Leon Leonard was a Christian, but he didn’t go to church.
There were a few reasons. One, he hadn’t been in a long time. Two, he’d done some things he wasn’t proud of and was afraid of being judged. And then there was the third reason: Leonard was in prison, serving a nine-year sentence for involuntary manslaughter.
In the hallway of Lebanon Correctional Institution in Ohio, though, he noticed a poster for a megachurch that was starting its newest campus right there in the maximum security prison.
He signed up. Days later, the 24-year-old was sitting in a prison classroom with 22 other inmates and a married couple in their 20s, who played them recorded worship music and last week’s sermon on an old TV. The newest site of Crossroads Church wasn’t much, but it was what Leonard needed.
“It rekindled my relationship with God,” Leonard recalled. “I became more steady in my walk.”
Crossroads is one of a handful of multisite churches across the country that have launched campuses in state penitentiaries—maximizing the benefits of the replicate-ready multisite model to develop prison ministries that go beyond evangelism alone to focus on community and discipleship. Church By the Glades has sites in prisons in Florida; Church of the Highlands in Alabama; The Summit Church and New Hope Church in North Carolina; Gateway Church in Texas; First Capital Christian Church and Emmanuel Church in Indiana; and The Father’s House and EastLake Church in California.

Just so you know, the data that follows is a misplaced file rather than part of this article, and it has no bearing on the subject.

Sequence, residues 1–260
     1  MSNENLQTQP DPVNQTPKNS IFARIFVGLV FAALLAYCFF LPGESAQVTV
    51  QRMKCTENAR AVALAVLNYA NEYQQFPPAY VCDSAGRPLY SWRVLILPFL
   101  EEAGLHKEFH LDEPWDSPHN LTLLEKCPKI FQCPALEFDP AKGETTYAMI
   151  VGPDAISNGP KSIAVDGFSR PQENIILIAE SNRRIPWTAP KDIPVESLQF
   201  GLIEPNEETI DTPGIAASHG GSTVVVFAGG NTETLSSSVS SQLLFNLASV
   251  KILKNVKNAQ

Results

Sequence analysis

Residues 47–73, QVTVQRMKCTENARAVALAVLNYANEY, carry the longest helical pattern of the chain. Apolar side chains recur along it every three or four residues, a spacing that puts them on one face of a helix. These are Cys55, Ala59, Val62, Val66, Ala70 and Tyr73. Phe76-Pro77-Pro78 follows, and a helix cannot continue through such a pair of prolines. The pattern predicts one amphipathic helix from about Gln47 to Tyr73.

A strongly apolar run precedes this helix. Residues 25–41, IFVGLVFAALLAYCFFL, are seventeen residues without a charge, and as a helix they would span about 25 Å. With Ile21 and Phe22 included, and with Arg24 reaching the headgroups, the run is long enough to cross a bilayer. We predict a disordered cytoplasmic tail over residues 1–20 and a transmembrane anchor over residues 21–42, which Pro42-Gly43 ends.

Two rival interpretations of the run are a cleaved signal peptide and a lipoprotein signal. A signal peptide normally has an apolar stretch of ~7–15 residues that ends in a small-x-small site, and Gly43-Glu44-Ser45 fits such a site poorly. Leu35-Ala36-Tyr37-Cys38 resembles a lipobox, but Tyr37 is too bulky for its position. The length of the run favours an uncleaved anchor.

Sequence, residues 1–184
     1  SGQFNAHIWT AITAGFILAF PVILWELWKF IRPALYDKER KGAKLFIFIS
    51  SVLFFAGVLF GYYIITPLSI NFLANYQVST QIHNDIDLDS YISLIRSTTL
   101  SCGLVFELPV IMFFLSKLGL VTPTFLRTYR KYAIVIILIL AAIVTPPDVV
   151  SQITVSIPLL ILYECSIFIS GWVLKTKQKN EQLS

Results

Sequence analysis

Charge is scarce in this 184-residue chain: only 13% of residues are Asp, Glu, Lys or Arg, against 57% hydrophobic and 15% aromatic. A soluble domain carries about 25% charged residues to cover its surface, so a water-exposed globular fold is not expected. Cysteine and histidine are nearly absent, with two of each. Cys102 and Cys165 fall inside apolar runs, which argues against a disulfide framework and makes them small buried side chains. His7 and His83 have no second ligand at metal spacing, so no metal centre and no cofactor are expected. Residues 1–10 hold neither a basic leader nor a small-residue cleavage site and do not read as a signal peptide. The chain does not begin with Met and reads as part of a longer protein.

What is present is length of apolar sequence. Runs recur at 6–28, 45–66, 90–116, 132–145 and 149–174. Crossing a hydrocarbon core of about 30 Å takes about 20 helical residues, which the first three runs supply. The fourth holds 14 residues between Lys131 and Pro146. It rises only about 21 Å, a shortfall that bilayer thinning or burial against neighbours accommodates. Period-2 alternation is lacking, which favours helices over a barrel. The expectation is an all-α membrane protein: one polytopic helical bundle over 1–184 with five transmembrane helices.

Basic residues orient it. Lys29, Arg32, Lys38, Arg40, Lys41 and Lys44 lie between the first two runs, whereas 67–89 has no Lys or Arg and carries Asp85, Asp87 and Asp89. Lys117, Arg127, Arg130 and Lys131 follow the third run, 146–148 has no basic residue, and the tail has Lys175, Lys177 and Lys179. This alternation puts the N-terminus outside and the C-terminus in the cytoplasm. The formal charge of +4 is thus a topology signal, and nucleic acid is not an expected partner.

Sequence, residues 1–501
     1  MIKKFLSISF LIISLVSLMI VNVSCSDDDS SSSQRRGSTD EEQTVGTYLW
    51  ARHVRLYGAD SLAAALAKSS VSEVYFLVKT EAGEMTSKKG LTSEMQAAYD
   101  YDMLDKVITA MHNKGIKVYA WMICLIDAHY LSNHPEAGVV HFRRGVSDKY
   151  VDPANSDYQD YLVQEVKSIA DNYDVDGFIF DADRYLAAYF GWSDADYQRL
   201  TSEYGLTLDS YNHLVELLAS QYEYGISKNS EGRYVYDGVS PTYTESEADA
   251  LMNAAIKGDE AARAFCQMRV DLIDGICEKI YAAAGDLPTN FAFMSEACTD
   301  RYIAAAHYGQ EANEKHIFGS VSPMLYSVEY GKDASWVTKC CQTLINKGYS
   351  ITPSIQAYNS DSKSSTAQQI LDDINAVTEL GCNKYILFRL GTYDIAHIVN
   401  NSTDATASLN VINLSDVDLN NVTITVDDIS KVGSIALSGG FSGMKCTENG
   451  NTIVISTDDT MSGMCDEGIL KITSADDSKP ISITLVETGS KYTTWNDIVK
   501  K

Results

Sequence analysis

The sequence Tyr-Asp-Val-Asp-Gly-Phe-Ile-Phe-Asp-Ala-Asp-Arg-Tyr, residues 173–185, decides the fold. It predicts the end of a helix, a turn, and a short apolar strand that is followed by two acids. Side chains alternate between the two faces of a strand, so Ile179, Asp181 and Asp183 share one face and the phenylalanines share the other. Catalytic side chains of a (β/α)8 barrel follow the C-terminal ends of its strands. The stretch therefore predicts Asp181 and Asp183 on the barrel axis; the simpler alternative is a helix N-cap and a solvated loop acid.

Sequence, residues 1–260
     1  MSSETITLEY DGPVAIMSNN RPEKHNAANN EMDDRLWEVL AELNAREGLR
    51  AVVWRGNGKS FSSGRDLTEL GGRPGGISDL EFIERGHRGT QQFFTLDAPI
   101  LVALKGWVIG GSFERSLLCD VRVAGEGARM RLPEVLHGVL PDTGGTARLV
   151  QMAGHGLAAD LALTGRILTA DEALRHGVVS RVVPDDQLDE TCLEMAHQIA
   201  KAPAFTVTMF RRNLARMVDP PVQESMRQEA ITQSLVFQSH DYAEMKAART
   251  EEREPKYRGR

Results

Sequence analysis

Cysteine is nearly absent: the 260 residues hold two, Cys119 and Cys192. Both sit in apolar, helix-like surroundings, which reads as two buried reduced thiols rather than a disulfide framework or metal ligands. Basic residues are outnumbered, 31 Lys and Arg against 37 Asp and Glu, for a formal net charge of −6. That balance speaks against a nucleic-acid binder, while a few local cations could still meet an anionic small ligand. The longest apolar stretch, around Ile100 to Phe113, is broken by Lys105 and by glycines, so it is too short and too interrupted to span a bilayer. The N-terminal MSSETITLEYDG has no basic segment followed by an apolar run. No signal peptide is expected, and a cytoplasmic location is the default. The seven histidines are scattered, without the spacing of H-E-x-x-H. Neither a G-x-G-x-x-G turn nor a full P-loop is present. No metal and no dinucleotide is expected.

At Lebanon, the church started in 2011 with Grant and Kyla Doepel burning a DVD of the service at Crossroads’ main location and bringing it into the prison each week. The inmates, including Leonard, would help set up chairs—at first around 20, then 80, then several hundred. After the sermon, they broke up into small groups, each led by an outside volunteer to comply with prison policy.
The groups would discuss the message they had just heard, go through Crossroads’ Bible study curriculum, and learn to pray for each other, and—to their surprise—for their new pastors, the Doepels.
“We’re trying to replicate the church in a place that wasn’t designed for that,” Grant Doepel said. “We want to be vulnerable, and no one’s vulnerable in prison. In prison, no one asks you how you’re doing or cares about your thoughts. But we ask them, ‘What was God saying to you in this?’ They process and they heal and they grow.”
Other multisites bring in more elaborate setups depending on prison rules in different states. At Gateway Church’s site inside the H. H. Coffield Unit in Texas, the inmates themselves lead worship, run the audio-visual system, collect tithes, and pray for each other one on one at the end of the service.
Stephen Wilson, who was previously incarcerated and now serves as a minister at Gateway, said the church used the same training programs designed to help replicate the Gateway experience at any new site when they launched the Coffield campus about a year ago.
“We wanted to incorporate everything we have at a normal campus,” Wilson said. “It’s really given the inmates ownership, and it’s teaching them that their gifts and callings are irrevocable. God has called them and given them gifts that they can use in the church.”
Gateway reported 500 salvations at Coffield in its first two months. In addition to services, Gateway is running classes on spiritual freedom, marriage, parenting, financial stewardship, and leadership development.